The
Birthday problem Surprise  Surprise !
A challenge to your intutive
sense but quite simple in a mathematical sense!
(A) Let's start with an easy one first.
At
least how many people must be gathered so that we can be 100% certain that
some of them share the same birthday?
(B)
Now comes the serious part ...
How
many people should there be in a class so that there is at least a 50%
chance that some of them share the same birthday?
Should
it be half of what we have in (A) above? How about one third? say 180
people? 120 people? Think about your own class ( around 40 in size ),
do you know any 2 people having the same birthday? Ask another class,
is it common to have 2 or more people having the same birthday?
Discussion
(1)
A
computer simulation
(2) How
to approach the problem mathematically? (Assume there are only 365 different
birthdays.)
(a) 
Suppose
there are 3
people in a class. Find the probability that 

(i) all
have different probability (ii) at least some have same birthdays

(b) 
Repeat
(a) with 5 people
in a class. How about n
people? Guess how large should n
be so that the probability that some of them have the same birthday is
greater than 0.5. 
(3) A full explanation
Does the answer agree with your intuition?


The famous
Monty
Hall Problem *
Suppose
you're on a game show, and you're given the choice of three doors.
Behind one door is a car, behind the others, goats. You pick a door,
say number 1, and the host, who knows what's behind the doors, opens
another door, say number 3, which has a goat. He says to you, "Do you
want to pick door number 2?" Is it to your advantage to switch your
choice of doors?
If you were the contestant, which of the following
would have a better chance to win the big prize?
Strategy 1 (stick): Stick with the original door
Strategy 2 (switch): Switch to the other door
or it doesn't matter since the two strategies have
equal chance of winning the big prize
*This
problem was named Monty Hall in honor of the long time host of the
American television game show "Let's Make a Deal." During the show,
contestants are shown three closed doors. One of the doors has a big
prize behind it, and the other two have junk behind them. The
contestants are asked to pick a door, which remains closed to them.
Then the game show host, Monty, opens one of the other two doors and
reveals the contents to the contestant. Monty always chooses a door
with a gag gift behind it. The contestants are then given the option to
stick with their original choice or to switch to the other unopened
door.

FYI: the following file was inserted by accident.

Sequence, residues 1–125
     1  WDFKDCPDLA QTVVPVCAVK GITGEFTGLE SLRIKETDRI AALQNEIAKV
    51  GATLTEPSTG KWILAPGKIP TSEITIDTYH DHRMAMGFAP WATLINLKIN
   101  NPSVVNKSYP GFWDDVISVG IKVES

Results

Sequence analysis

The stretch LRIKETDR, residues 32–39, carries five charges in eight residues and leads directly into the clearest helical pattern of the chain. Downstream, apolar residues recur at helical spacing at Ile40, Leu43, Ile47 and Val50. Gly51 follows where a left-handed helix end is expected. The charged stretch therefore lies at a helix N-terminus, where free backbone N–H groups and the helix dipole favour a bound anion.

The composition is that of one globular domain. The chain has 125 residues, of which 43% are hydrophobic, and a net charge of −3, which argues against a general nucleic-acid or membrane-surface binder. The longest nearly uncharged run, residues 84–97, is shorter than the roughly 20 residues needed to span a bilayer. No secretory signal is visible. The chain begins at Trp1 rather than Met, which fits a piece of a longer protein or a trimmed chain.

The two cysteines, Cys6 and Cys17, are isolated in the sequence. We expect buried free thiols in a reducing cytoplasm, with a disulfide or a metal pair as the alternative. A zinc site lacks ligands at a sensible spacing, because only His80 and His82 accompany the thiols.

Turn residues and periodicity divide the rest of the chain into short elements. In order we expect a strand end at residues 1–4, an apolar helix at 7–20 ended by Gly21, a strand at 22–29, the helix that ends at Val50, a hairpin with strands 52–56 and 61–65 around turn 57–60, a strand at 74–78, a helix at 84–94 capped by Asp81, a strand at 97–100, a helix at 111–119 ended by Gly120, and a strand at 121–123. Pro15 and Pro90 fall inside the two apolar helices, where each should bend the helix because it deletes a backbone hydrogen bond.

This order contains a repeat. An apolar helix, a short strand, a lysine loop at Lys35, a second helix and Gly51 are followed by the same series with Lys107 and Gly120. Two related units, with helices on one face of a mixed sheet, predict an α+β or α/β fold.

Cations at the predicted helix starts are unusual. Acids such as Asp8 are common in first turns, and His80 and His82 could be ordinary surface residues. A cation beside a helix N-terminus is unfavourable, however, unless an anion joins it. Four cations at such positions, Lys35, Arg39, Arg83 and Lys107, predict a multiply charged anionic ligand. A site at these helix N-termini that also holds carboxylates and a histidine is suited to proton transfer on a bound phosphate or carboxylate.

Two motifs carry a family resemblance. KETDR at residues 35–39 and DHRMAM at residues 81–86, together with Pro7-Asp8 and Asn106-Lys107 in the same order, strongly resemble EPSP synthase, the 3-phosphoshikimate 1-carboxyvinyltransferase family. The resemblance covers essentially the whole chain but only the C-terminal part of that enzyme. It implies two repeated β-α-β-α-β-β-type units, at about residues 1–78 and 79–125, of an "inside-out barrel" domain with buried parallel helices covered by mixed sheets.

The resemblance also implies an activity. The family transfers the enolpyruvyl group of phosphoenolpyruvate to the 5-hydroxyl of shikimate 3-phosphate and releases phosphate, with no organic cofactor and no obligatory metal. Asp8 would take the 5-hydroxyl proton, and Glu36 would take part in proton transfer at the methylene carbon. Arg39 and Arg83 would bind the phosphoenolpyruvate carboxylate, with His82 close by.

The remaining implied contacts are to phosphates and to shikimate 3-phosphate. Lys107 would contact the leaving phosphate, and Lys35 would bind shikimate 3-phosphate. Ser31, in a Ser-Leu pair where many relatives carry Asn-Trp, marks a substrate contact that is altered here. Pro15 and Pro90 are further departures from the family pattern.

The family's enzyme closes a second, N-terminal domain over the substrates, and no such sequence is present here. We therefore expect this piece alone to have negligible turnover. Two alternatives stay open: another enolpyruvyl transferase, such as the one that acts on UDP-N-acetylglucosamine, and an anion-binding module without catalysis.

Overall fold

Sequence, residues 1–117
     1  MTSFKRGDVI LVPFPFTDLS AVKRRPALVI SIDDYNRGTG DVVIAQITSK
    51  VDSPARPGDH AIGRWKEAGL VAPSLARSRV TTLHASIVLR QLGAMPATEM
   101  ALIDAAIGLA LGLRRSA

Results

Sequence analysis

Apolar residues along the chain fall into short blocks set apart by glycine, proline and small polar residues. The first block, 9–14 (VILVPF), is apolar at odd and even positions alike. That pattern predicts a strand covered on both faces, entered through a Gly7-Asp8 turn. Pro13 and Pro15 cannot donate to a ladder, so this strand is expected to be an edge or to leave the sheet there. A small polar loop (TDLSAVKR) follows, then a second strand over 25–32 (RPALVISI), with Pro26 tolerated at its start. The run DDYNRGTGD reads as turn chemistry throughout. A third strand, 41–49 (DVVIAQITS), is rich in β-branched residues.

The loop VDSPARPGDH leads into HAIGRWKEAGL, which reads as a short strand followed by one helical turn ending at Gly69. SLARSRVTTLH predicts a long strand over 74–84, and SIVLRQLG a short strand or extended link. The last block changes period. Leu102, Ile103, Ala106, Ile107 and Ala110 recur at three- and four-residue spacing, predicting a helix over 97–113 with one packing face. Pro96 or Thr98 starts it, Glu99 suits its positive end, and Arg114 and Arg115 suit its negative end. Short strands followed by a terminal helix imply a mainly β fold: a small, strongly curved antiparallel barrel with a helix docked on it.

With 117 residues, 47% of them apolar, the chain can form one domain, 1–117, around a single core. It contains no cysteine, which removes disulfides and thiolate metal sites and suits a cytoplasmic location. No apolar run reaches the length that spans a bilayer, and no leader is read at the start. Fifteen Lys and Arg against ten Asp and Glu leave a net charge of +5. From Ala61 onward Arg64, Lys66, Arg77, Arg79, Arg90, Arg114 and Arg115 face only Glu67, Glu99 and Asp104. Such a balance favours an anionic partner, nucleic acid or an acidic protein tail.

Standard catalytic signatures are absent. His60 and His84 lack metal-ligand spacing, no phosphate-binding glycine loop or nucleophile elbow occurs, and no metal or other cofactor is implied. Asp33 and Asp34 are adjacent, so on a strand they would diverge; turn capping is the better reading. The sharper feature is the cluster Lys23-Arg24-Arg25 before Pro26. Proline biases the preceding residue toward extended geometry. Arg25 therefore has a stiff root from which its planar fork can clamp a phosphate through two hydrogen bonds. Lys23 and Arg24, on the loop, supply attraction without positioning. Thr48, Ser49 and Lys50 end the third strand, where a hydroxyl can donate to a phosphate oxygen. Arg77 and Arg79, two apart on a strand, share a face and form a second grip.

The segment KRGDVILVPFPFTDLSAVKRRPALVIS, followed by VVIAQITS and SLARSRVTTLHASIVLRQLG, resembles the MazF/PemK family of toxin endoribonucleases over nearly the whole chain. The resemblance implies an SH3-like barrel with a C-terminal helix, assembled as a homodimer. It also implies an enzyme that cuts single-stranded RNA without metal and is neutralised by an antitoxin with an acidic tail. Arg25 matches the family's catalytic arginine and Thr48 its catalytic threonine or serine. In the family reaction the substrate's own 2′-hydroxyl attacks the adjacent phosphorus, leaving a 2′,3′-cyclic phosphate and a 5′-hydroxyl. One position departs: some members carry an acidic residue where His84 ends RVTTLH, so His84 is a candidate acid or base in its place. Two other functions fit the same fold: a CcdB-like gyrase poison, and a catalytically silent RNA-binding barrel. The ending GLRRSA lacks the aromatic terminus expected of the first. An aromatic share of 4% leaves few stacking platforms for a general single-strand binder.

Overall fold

Discussion
(1) 
A
computer simulation for the Monty Hall problem
 "Let's make a deal" applet 

just scroll down the
page until you see 3 large doors #1, #2 and #3. Try the simulation
repeatedly with your friends : one using the always STICK door strategy
and the other using the always
SWITCH door strategy. Do the statistics shown in
small print below the 3 doors deviate significantly between the 2
strategies? Is there a clear winner and does that agree with your
intuition? 


(2) 
The winning strategy is ...
with FULL explanation below 

There
is a 1/3 chance that you'll hit the prize door, and a 2/3 chance that
you'll miss the prize. If you do not switch,
1/3 is your probability to get the prize. However, if you missed (and
this with the probability of 2/3) then the prize is behind one of the
remaining two doors. Furthermore, of these two, the host will open the
empty one, leaving the prize door closed. Therefore, if you miss and then switch, you
are certain to get the prize! Summing up, if you do not switch your
chance of winning is 1/3 whereas if you do switch your chance of
winning is 2/3! More discussion 


(3) 
History
of the Monty Hall problem 

This problem has aroused a heated debate for
quite some time when it first appeared in 1991 and has never failed to
vex and amaze people with its counterintuitive solution ever since.
In 1991, Marylin Vos Savant** received the
Monty Hall problem from Craig. F. Whitaker (Columbia, MD). She
carefully explained the logic of the correct solution in a number of
subsequent columns, but never completely convinced the doubters.
Marylin's response caused an avalanche of correspondence, mostly from
people who would not accept her solution (particularly advocates of
"5050" school). Eventually, she issued a call to Math teachers among
her readers to organize experiments and send her the charts. Some
readers with access to computers ran computer simulations. At long
last, the truth was established and accepted. The matter continued at
such length that it eventually became a notable news story in the New
York Times and elsewhere.
**Marylin Vos Savant ran
the popular "Ask Marylin" questionandanswer column of the U.S. Parade
magazine. According to Parade, Marilyn vos Savant was listed in the
"Guinness Book of World Records Hall of Fame" for "Highest IQ" with IQ
score of 228.